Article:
Processed foods are usually less susceptible to early spoilage than fresh foods and are better suited for long-distance transportation from the source to the consumer.When they were first introduced, some processed foods helped to alleviate food shortages and improved the overall nutrition of populations as it made many new foods available to the masses.
Processing can also reduce the incidence of food-borne disease. Fresh materials, such as fresh produce and raw meats, are more likely to harbour pathogenic micro-organisms (e.g. Salmonella) capable of causing serious illnesses.
The extremely varied modern diet is only truly possible on a wide scale because of food processing. Transportation of more exotic foods, as well as the elimination of much hard labor gives the modern eater easy access to a wide variety of food unimaginable to their ancestors.
The act of processing can often improve the taste of food significantly.
Mass production of food is much cheaper overall than individual production of meals from raw ingredients. Therefore, a large profit potential exists for the manufacturers and suppliers of processed food products. Individuals may see a benefit in convenience, but rarely see any direct financial cost benefit in using processed food as compared to home preparation.
Processed food freed people from the large amount of time involved in preparing and cooking "natural" unprocessed foods.The increase in free time allows people much more choice in life style than previously allowed. In many families the adults are working away from home and therefore there is little time for the preparation of food based on fresh ingredients. The food industry offers products that fulfill many different needs: e.g. fully prepared ready meals that can be heated up in the microwave oven within a few minutes.
Modern food processing also improves the quality of life for people with allergies, diabetics, and other people who cannot consume some common food elements. Food processing can also add extra nutrients such as vitamins.
Processing of food can decrease its nutritional density. The amount of nutrients lost depends on the food and processing method. For example, heat destroys vitamin C. Therefore, canned fruits possess less vitamin C than their fresh alternatives. The USDA conducted a study of nutrient retention in 2004, creating a table of foods, levels of preparation, and nutrition.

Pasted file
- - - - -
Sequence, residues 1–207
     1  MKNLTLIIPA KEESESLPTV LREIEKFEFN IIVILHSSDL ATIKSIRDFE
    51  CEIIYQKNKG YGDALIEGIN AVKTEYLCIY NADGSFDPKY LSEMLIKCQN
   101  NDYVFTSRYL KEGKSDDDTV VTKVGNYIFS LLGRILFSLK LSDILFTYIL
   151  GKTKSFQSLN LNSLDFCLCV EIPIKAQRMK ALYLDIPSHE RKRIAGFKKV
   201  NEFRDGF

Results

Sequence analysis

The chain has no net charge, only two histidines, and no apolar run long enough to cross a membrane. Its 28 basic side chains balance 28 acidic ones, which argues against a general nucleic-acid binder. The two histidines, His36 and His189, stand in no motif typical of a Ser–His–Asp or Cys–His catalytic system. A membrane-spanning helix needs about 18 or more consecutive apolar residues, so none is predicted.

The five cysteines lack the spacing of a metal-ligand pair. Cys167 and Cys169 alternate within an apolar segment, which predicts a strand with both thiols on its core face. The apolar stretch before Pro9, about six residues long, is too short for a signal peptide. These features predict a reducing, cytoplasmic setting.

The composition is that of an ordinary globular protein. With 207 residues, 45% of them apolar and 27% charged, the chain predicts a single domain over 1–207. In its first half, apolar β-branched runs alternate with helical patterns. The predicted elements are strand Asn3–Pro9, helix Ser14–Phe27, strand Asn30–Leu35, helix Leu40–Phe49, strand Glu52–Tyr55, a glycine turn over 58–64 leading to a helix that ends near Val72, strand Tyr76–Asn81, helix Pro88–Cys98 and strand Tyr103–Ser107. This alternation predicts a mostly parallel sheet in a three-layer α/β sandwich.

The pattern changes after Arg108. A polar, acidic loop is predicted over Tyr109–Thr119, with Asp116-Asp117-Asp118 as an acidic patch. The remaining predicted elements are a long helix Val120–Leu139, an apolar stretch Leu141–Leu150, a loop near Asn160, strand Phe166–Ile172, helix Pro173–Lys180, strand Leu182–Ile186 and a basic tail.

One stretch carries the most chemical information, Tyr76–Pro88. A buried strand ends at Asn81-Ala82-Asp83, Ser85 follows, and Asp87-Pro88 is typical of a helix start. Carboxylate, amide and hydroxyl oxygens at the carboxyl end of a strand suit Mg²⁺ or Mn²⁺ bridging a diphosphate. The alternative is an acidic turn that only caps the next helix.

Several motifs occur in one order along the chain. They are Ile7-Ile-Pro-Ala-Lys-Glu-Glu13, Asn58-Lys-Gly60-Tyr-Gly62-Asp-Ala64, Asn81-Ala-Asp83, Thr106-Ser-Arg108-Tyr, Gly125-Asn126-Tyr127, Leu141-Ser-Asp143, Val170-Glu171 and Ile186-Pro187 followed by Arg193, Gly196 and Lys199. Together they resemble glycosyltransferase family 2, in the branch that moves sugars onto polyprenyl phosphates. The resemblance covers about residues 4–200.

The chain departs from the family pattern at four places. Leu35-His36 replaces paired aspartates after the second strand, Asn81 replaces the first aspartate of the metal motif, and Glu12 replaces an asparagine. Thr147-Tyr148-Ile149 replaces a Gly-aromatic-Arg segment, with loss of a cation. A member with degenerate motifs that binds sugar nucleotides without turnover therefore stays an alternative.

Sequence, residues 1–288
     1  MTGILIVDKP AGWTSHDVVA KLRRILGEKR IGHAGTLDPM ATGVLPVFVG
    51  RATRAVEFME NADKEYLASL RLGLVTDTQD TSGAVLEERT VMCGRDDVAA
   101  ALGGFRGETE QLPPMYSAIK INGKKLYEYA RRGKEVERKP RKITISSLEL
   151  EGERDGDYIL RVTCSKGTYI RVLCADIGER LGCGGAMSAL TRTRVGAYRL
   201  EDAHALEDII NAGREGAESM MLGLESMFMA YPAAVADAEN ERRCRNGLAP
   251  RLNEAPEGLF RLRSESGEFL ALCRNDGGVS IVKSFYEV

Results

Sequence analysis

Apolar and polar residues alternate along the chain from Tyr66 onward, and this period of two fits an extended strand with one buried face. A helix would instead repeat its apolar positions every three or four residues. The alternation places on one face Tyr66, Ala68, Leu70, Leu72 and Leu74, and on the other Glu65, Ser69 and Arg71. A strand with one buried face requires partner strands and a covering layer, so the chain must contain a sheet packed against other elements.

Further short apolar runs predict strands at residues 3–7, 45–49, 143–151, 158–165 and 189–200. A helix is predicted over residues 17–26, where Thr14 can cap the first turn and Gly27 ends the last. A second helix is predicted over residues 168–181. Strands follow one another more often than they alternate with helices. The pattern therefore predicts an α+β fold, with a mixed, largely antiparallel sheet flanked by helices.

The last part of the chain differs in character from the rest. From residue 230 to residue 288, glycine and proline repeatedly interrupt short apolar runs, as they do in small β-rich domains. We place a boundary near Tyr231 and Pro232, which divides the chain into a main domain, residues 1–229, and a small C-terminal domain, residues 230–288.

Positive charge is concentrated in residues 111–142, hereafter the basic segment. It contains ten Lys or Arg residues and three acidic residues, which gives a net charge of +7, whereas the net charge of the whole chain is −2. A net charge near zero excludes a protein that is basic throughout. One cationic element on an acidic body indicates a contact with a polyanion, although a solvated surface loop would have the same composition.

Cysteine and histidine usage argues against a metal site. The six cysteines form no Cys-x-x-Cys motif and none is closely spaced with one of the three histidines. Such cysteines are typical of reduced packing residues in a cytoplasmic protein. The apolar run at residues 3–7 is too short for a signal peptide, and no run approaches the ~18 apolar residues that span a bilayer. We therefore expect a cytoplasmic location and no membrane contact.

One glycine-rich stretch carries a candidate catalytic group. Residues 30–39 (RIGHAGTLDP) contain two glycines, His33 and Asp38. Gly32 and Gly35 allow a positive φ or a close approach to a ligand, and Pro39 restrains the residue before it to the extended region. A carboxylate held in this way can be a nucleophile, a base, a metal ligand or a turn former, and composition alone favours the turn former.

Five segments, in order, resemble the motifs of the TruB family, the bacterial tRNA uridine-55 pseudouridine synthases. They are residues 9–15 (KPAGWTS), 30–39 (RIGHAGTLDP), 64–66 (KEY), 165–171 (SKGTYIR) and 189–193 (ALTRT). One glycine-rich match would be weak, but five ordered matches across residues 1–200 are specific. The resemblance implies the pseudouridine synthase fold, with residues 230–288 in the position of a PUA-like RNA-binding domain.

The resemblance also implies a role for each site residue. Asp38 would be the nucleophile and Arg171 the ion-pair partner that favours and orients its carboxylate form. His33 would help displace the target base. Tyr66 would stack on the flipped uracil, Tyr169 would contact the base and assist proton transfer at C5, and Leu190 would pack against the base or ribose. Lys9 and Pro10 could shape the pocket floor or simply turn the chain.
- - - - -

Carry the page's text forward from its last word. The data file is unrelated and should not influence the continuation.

New research highlighting the importance to human health of a rich microbial environment in the intestine indicates that abundant food processing (not fermentation of foods) endangers that environment.
Using some food additives represents another safety concern. The health risks of any given additive vary greatly from person to person; for example using sugar as an additive endangers diabetics. In the European Union, only European Food Safety Authority (EFSA) approved food additives (e.g., sweeteners, preservatives, stabilizers) are permitted at specified levels for use in food products. Approved additives receive an E number (E for Europe), simplifying communication about food additives included in the ingredients' list for all the different languages spoken in the EU. As effects of chemical additives are learned, changes to laws and regulatory practices are made to make such processed foods more safe.
Food processing is typically a mechanical process that utilizes extrusion, large mixing, grinding, chopping and emulsifying equipment in the production process. These processes introduce a number of contamination risks. Such contaminants are left over material from a previous operation, animal or human bodily fluids, microorganisms, nonmetallic and metallic fragments. Further processing of these contaminants will result in downstream equipment failure and the risk of ingestion by the consumer. Example: A mixing bowl or grinder is used over time, metal parts in contact with food will tend to fail and fracture. This type of failure will introduce into the product stream small to large metal contaminants.[ citation needed ] Further processing of these metal fragments will result in downstream equipment failure and the risk of ingestion by the consumer. Food manufacturers utilize industrial metal detectors to detect and reject automatically any metal fragment. Large food processors will utilize many metal detectors within the processing stream to reduce both damage to processing machinery as well as risk to consumer health.[ citation needed ]
Food processing does have some benefits, such as making food last longer and making products more convenient. However, there are drawbacks to relying on a lot of heavily processed foods. Whole foods and those that are only minimally processed, like frozen vegetables without any sauce, tend to be more healthy. An unhealthy diet high in fat, added sugar and salt, such as one containing a lot of highly-processed foods, can increase the risk for cancer, type 2 diabetes and heart disease, according to the World Health Organization.[ citation needed ]
One of the main sources for sodium in the diet is processed foods. Sodium is added to prevent spoilage, add flavor and improve the texture of these foods. Americans consume an average of 3,436 milligrams of sodium per day, which is higher than the recommended limit of 2,300 milligrams per day for healthy people, and more than twice the limit of 1,500 milligrams per day for those at increased risk for heart disease.
While you don't need to limit the sugars found naturally in whole, unprocessed foods like fresh fruit, eating too much added sugar found in many processed foods can increase your risk for heart disease, obesity, cavities and Type 2 diabetes. The American Heart Association recommends women limit added sugars to no more than 100 calories, or 25 grams, and men limit added sugars to no more than 155 calories, or about 38.75 grams, per day. Currently, Americans consume an average of 355 calories from added sugars each day.